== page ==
On Mondays, he presented patient cases to faculty. These included diagnosis and comprehensive treatment plans.
He also had to master lab work for more customized...
We were asked:
What does it mean and what do I do if my porcelain crown has a black ring at the gum line or the porcelain is chipped and metal shows? The doc answers in this episode.
Most of our crowns have been made of a glass-ceramic material that looks like a natural tooth fused to metal. In our mouths, this glass material is subject to the force of chewing, hot and cold, and acidic foods. It is vulnerable to chips.
Chips may or may not be a problem.
If you notice chips, see your dentist. He may smooth rough surfaces, monitor for problems, or recommend a cosmetic remedy.
Ceramic to metal fused crowns have a seam at the base. When the...
We were asked what is LANAP. Joining us today is special guest and colleague, Dr. Justin Zalewsky, Periodontist, who will explain it.
LANAP itself is not new. What is new and exciting is the technique is now FDA approved for true regeneration of bone, the surface layer of the tooth root, and periodontal ligaments.
With gum disease, gums
This condition was traditionally treated by cutting open the gum, cleaning out the infection and closing the gum wound. The gum closure with this procedure
It works, however, quite well.
With LANAP, the patient feels like he is getting a cleaning but the laser
We are a bit neurotic about making sure contact between teeth is maintained in our patients' mouths. Good contact prevents food from getting stuck in between teeth making them easier to clean and less susceptible to decay.
The trouble is that teeth move. And when they do, spaces may open and contact between teeth is broken.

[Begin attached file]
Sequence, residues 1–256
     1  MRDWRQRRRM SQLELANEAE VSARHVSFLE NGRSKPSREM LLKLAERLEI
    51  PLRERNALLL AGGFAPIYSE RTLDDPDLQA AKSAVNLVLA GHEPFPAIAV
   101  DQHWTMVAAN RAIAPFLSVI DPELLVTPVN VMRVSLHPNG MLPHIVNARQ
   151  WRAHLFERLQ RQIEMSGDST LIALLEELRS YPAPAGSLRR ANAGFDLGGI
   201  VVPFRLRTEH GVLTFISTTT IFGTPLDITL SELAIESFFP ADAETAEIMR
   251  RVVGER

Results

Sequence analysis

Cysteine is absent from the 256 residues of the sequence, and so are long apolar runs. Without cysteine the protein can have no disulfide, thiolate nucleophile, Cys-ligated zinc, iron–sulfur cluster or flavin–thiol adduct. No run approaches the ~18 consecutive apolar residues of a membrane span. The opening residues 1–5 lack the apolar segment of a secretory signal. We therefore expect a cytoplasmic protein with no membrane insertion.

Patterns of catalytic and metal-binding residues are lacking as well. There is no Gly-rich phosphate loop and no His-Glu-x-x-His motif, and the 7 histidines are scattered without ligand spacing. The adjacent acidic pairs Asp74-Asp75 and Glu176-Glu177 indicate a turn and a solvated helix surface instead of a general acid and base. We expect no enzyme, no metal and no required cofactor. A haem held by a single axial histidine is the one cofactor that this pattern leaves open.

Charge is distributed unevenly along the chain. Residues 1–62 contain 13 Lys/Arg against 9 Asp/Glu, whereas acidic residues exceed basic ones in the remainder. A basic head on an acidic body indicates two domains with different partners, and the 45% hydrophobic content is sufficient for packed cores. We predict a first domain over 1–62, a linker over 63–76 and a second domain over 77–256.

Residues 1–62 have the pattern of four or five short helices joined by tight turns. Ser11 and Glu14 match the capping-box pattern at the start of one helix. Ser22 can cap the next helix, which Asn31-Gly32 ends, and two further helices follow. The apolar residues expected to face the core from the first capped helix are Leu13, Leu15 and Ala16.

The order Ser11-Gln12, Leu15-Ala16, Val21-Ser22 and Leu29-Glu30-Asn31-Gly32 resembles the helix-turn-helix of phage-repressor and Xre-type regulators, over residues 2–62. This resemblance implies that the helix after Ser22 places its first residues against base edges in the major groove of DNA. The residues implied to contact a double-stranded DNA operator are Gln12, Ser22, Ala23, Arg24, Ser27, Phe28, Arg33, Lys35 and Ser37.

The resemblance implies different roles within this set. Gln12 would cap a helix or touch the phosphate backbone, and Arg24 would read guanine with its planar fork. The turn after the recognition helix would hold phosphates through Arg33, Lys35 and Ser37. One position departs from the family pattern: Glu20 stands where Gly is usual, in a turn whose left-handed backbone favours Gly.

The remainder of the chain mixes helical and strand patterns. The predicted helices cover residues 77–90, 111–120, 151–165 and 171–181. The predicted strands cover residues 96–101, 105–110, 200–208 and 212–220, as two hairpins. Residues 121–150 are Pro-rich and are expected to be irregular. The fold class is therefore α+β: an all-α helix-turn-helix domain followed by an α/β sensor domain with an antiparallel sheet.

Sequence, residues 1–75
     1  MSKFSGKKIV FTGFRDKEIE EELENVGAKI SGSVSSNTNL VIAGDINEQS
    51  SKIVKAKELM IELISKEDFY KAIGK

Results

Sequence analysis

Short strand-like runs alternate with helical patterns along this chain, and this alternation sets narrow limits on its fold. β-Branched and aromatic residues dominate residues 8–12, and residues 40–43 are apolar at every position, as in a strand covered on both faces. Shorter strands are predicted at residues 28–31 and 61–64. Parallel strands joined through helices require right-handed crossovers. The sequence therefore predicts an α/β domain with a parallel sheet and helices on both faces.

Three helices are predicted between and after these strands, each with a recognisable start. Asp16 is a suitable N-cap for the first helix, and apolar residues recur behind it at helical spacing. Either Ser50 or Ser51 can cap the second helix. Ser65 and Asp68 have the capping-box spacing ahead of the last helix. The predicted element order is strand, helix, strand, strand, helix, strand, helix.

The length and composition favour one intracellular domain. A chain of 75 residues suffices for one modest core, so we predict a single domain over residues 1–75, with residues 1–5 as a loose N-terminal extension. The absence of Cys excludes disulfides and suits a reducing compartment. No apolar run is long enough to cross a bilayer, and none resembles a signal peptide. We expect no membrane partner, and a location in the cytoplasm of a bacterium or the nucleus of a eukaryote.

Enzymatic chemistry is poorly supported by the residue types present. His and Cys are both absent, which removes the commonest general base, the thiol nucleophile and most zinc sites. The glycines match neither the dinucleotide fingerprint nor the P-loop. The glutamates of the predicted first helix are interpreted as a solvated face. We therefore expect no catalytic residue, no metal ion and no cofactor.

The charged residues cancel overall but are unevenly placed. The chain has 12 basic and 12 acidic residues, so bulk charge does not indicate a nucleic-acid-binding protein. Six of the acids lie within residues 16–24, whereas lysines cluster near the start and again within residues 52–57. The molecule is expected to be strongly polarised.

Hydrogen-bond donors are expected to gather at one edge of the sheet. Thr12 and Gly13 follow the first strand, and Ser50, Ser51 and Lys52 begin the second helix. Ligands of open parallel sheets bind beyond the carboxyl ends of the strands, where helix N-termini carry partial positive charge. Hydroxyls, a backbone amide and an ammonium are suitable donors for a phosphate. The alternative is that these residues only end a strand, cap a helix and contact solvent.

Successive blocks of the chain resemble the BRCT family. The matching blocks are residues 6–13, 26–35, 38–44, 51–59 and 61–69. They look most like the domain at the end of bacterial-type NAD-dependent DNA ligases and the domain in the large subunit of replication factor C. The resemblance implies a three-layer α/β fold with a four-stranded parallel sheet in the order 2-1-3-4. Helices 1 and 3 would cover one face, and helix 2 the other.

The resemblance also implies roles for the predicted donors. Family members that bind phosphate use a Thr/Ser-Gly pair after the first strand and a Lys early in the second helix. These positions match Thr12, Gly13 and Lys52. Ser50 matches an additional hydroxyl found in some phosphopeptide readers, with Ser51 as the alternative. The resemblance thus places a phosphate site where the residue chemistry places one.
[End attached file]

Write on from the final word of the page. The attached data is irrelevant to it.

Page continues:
When this happens, food collects in the open spaces inviting decay, gum problems, and tooth loss. The affected person also finds it irritating and inconvenient.
Spaces can occur where there are implants. Once placed, implants never move. If other teeth move, spaces may open and contact between them is lost.
For example, consider the case of an 81 years old patient. Prior to seeing us, two...
I am solo today. Gary is away learning about Airway dentistry.
We were asked what procedures periodontists do. It is probably best to first answer...
In addition to the standard four year dental training program, a periodontist undertakes three additional years of formal training.
He specializes in the treatment of bone loss around teeth, the most common cause of tooth loss, and gum disease.
A periodontist is trained in laser and surgical treatments to regenerate bone and restore gum health.
Using these techniques, he repairs loose gum tissue restoring the gum seal around the neck of the tooth. This protects the tooth from inflammation and further bone loss.
Once gums and bones are restored, periodontists also place dental implants to replace lost teeth.
General dentists can and do treat gum disease and bone loss with non...
Patients who have heart issues or joint replacements are often advised to take a precautionary antibiotic before undergoing dental procedures.
Is this a good idea for all patients? There is a presumed risk of infection related to dental procedures for susceptible patients.
There is also the possible risk of antibiotic resistance which might compromise a patient's treatment in the future.
What is the tradeoff? Our view is that it depends upon the health of an individual patient.
Orthopedic surgeons have varying opinions about precautionary antibiotics:
Nobody really seems to know for sure what is the best practice. We follow the recommendation of the surgeon.
The American Heart Association recommended prophylactic antibiotics before...